Taking out the pews, taking out the pews, we will come prostrating, taking out the pews

Now here is a sad little story from this land of ours in which almost anything can be turned into a match to light the fuse on a new battle in the culture wars.

In this case we are not talking about a battle in pews -- because the story focuses on pews that were removed.

Let's go straight to the place that most educators across the country will see the story -- The Chronicle of Higher Education.

Changes in the interior design of a campus chapel at Wichita State University -- lambasted in some online circles as the work of Muslim students -- were, in fact, suggested by Christian staff members and students. The Wichita Eagle reports a former campus minister told the newspaper that removing Grace Memorial Chapel’s pews was intended to make the space more flexible, and that he had suggested the change.
But that’s not how Jean Ann Cusick, an alumna of the Kansas university, saw it. In a Facebook post this month, Ms. Cusick wrote that the changes in the chapel were an “accommodation” of Muslim students. Soon, news outlets like Fox News and Christian Today were weighing in.

Now a personal word. I must admit that the first thing that popped into my mind when I connected "pews" with "remove" -- in the context of Wichita -- was, I am sure, not a connection that would have made sense to others.

The first thing that I thought of was the nationally known establishment called Eighth Day Books -- which may be the best Eastern Orthodox bookstore (mixing in coffee, tea and beer) in all of North America. This is evidence of a very lively and growing Orthodox community in that zip code and I assumed -- naturally! -- that this might have led to a thriving community of Orthodox students on the major campus in town.

Now you know what ancient Christians like the Orthodox are going to want to do with pews, don't you? Get. Rid. Of. Them.

Think tradition! It's hard to do lots of bows and prostrations in a room full of wooden furniture. Right?

But, alas, this was not what people were worried about.

I immediately wanted to know more about what is actually going on inside that -- by law -- interfaith chapel. The full update in The Eagle had the crucial details (although editors slipped and used the term "ecumenical" for the chapel, when the proper word is "interfaith"). A key voice is a United Methodist minister, and former campus chaplain, the Rev.  Christopher Eshelman, who says:

“I certainly suggested it, advocated for it. I don’t know that I’m the only one that suggested it, so I’m not trying to say it was all my idea, but I was certainly one of the people who said, ‘What if we did this?’ ” ...
Then-student body president Matt Conklin, who is Christian, sponsored the changes through student government and university administration, which took most of the year he was in office, Eshelman said.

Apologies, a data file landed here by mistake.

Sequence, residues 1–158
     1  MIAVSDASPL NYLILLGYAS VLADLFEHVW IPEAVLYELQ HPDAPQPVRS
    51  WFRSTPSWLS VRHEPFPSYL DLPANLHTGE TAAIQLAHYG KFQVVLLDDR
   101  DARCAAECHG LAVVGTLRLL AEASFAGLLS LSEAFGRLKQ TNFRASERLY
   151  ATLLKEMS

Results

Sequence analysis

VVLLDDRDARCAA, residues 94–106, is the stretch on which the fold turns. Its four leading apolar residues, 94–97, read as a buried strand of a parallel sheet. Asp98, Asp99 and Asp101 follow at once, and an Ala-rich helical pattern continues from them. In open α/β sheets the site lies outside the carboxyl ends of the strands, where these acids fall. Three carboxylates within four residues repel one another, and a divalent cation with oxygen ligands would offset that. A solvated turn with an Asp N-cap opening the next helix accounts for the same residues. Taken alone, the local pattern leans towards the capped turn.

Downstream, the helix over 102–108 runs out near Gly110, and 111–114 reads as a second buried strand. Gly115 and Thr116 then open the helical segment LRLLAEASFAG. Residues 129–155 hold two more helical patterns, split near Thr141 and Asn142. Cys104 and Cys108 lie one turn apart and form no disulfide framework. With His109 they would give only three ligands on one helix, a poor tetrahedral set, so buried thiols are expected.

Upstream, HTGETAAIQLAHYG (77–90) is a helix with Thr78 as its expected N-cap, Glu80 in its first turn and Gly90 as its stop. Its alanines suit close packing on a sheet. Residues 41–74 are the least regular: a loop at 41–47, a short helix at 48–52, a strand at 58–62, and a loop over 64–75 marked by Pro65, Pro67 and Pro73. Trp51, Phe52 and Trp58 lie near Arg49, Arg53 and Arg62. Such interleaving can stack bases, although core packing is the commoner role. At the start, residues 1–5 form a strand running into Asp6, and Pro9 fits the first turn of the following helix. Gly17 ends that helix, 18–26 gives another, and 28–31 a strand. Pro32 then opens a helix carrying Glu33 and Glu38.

“Eventually, it was approved,” Eshelman said. “Everything went beautifully for six months and then … some people took offense and then it blew up.”

As it turns out, Muslim students do use the interfaith chapel for daily prayers and they did bring in a large rug. People who do lots of prostrations like rugs. (Old joke: How do you know you attended Holy Week services in an Orthodox parish? You have rug burns on your forehead.)

And then there is this, with a crucial "as involved" qualifier:

“The major push was from Christians,” said Chandler Williams, a WSU graduate student who attends Central Christian Church. “The Muslims were not as involved in the discussions as the Christians.”
Williams said she volunteered in 2013 to serve on a committee studying how to make the chapel more effective. The group looked up reservations paperwork to see who was using it. The answer: hardly anyone.
Some people got married there, she said. Fraternities used it for initiation rites. WSU’s school of music sometimes used it for classes.
“So then we called together community people and religious leaders, ministers from the whole community,” she said. “We got an overwhelming response about renovating the chapel and removing the pews. They said it would give the floor a more flexible space, for things like Bible studies and even more interfaith discussions.”

My hunch? The local mainline Protestants wanted to cooperate with the interfaith chapel vibe and a few local evangelicals weren't all that happy about it, because Muslim students were involved in the process.

Which raises another interesting point that could have been added to the story. Other than the Orthodox, you know what kind of Christian flocks build churches without pews these days?

That would be evangelical Protestant megachurches, who like that whole shopping mall-meets-movie theater look that screams modernity. It's easier to move the drums and amplifiers around, when there are no pews in the way.

What a world we live in. Kudos to The Eagle for a story that asked most of the key questions.

IMAGE: The de-pewed chapel, via Facebook.

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